We all do it and for some unfortunate souls it’s a way of life. Amazing, however, is the energy, rise in self-esteem and joy we feel when we complete a task that has planted itself above us like a dark shadow. This article offers some suggestions in dealing with this mischievous little demon that can wreck a much-needed parish undertaking.
Archive | Manage RSS feed for this section
An adaptation of a document produced by the Ohio Association of Nonprofit Organizations for an Orthodox parish setting.
The responses to a survey sent to 100 Orthodox priests clearly revealed that recruiting and retaining dependable and competent volunteers is one of the most challenging aspects of parish management.
Most priests are both leaders and managers. What is the difference? What are the attributes of a manager?
It’s tempting to be the boss. Expediency, clear lines of authority, efficiency, a feeling of power – all these things are possible. Yet damage to the spiritual life of the unchecked boss is substantial and eventually, people become passive, cynical or resistant.
This posting takes the user to the Stewardship Advocates Pinterest site on general Orthodox parish development.
Self-care as Jesus taught; not self-care as self-depletion.
Though published in 1990, Peter Drucker’s “Managing the Nonprofit Organization” continues to speak practical wisdom to anyone with staff, volunteers, budgets, programs, services, communications, ministries, etc.
Enhance the credibility of the leadership and management of a parish.
In a world of increasing specialization consultants are often needed.
Priests greatly excel at pastoral care and liturgical service, but what training have they received in leading, managing and developing a parish as a community? Is it all to be learned through trial and error? Or contingent upon whatever natural abilities God has endowed them?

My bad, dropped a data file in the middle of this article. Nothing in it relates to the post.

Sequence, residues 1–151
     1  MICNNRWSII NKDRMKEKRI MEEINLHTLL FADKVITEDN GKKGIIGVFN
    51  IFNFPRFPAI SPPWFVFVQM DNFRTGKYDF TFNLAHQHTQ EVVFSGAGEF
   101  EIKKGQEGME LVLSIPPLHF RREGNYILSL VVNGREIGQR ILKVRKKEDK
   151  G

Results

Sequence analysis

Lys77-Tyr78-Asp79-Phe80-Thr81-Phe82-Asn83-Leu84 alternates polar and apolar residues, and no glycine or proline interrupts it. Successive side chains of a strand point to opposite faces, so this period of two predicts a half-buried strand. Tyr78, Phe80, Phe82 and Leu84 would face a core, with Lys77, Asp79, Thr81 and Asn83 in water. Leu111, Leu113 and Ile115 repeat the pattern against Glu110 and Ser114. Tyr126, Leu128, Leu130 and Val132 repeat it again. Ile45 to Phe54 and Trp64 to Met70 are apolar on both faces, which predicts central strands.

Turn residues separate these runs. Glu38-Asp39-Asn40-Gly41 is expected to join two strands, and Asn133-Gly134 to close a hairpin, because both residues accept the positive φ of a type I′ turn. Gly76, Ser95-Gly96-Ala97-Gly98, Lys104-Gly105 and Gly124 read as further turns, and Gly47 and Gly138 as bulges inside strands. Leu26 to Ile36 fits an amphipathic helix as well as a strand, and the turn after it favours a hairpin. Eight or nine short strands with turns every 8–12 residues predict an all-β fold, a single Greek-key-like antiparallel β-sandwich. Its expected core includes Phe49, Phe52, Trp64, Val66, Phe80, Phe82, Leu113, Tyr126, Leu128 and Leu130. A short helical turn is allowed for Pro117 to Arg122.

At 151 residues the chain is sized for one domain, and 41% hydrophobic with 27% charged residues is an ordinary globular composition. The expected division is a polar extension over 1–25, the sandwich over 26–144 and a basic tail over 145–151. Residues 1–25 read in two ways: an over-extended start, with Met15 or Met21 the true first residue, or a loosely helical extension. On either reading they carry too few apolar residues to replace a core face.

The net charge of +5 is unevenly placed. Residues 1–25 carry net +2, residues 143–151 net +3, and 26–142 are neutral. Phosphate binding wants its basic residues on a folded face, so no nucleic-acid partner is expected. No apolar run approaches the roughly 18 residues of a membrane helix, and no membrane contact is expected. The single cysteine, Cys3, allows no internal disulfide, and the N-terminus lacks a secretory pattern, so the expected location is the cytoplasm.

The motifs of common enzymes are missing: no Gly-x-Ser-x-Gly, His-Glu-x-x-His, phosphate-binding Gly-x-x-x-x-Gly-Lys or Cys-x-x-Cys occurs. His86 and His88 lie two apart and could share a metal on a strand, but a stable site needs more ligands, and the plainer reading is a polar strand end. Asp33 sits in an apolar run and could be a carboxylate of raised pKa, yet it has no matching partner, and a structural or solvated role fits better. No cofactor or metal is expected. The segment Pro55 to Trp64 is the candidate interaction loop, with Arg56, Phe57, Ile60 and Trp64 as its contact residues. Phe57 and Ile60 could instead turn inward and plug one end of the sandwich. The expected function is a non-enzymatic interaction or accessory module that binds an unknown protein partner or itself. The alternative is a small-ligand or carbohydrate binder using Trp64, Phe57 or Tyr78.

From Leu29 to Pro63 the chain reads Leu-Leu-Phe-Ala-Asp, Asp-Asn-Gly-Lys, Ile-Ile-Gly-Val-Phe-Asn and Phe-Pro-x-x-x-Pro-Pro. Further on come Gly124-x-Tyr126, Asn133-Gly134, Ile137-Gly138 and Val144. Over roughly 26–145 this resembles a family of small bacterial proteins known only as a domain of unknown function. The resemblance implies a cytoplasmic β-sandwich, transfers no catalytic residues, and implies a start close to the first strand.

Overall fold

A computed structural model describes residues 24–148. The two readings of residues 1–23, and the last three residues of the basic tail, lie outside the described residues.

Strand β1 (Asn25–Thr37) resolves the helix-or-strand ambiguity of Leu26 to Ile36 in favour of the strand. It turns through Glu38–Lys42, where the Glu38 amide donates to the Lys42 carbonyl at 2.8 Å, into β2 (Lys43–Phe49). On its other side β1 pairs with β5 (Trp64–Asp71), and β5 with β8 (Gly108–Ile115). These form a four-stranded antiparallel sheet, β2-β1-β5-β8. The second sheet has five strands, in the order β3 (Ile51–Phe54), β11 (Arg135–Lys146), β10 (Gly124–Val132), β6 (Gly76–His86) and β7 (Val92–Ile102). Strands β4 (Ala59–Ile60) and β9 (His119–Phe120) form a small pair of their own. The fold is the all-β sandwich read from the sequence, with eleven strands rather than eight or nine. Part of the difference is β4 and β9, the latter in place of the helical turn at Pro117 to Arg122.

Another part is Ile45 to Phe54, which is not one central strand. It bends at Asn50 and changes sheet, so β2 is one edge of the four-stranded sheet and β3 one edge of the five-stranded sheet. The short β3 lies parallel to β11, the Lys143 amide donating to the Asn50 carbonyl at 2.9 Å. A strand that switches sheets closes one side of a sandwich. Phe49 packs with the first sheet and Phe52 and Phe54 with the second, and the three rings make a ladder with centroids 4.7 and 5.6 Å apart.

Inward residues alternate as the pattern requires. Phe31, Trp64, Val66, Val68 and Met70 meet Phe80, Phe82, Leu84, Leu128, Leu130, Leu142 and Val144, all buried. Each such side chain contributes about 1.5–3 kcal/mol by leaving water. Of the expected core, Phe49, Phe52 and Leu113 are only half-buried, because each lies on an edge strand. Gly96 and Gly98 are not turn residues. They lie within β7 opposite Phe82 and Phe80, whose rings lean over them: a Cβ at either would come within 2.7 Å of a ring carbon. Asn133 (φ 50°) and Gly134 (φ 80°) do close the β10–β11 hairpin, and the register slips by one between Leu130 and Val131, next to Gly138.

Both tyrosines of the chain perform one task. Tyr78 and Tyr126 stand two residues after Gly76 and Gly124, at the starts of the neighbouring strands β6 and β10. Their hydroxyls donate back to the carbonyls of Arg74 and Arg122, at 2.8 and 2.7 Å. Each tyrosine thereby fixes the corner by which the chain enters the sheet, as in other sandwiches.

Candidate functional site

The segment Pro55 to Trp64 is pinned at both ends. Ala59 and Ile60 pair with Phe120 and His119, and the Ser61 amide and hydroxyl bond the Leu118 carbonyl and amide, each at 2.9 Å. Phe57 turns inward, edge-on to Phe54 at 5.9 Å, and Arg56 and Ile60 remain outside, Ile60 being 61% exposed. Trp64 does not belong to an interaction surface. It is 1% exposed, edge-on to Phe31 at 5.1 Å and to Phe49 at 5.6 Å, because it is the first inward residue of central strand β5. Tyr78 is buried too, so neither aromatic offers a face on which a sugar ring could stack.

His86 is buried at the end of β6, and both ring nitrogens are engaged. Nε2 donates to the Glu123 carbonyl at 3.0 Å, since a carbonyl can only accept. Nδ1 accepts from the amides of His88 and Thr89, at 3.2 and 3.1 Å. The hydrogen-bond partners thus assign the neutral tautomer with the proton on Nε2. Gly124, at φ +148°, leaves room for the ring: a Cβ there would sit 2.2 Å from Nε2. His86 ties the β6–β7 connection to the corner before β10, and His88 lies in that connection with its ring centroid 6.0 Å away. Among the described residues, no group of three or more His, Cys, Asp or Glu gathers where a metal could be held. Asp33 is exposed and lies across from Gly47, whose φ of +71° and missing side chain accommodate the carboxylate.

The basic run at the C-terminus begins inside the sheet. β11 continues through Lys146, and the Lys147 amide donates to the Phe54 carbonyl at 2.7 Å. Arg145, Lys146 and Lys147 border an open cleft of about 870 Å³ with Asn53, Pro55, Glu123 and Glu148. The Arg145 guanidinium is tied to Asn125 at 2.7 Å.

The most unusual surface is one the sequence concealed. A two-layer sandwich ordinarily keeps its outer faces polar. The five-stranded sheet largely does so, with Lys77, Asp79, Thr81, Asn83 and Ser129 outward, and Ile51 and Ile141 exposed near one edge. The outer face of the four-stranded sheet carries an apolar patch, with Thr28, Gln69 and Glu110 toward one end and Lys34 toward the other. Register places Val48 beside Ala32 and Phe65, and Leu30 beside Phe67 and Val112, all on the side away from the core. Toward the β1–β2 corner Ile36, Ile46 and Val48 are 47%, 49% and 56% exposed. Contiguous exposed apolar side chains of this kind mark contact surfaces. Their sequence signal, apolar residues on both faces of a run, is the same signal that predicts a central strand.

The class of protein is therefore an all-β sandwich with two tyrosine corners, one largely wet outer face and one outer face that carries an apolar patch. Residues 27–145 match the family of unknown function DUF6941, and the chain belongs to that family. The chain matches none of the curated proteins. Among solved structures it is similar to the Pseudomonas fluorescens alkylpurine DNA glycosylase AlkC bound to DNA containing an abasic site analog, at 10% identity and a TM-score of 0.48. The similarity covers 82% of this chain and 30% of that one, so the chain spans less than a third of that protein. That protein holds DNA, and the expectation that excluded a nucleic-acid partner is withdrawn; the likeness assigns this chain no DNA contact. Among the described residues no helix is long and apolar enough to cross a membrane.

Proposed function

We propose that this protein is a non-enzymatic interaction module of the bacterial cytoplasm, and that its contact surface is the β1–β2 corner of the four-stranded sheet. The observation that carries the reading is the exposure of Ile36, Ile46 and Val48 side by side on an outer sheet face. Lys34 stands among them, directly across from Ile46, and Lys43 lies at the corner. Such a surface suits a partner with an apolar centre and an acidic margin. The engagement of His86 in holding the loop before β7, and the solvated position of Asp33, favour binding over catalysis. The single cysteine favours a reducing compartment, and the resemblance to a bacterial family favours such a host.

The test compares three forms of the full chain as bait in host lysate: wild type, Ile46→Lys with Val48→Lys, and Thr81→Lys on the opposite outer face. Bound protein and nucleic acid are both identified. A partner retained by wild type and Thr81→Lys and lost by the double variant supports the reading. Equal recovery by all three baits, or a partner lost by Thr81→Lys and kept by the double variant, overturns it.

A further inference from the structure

Surprising and sometimes erroneous assumptions are made by church leaders concerning how general parishioners view the mission, vision and values of the community.
The most under-utilized change agency in a parish is the parish council. A well-developed governing council is a precious asset in fulfilling the mission of the parish.
There are many forms of courage in the world. Undertaking a difficult conversation on a awkward subject is one of them. Though sometimes seemingly fraught with peril, woe to the priest who does not acquire the ability to effectively conduct these with charity, humility and a sincere desire to understand – but also to sometimes set a boundary or lovingly assert his position.
The leadership of the priest is tested each and every day, fair wind or foul. Yet the effectiveness or ineffectiveness of his leadership is most apparent when the weather is foul.
Scan the field for landmines before stepping forth.
Every so often in every parish there is a crisis. Be prepared.
Any change, however small, introduces an element of chaos and discomfort. Minimize negative reaction and blowback.
Receive our occasional "Master Builders" e-newsletter and learn new Orthodox-oriented leadership, management and development skills.